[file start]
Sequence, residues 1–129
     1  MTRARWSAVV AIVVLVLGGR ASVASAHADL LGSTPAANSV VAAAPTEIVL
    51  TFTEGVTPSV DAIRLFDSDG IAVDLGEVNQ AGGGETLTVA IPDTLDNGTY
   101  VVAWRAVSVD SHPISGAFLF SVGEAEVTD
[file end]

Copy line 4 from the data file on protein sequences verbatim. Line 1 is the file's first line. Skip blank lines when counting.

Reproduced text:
   101  VVAWRAVSVD SHPISGAFLF SVGEAEVTD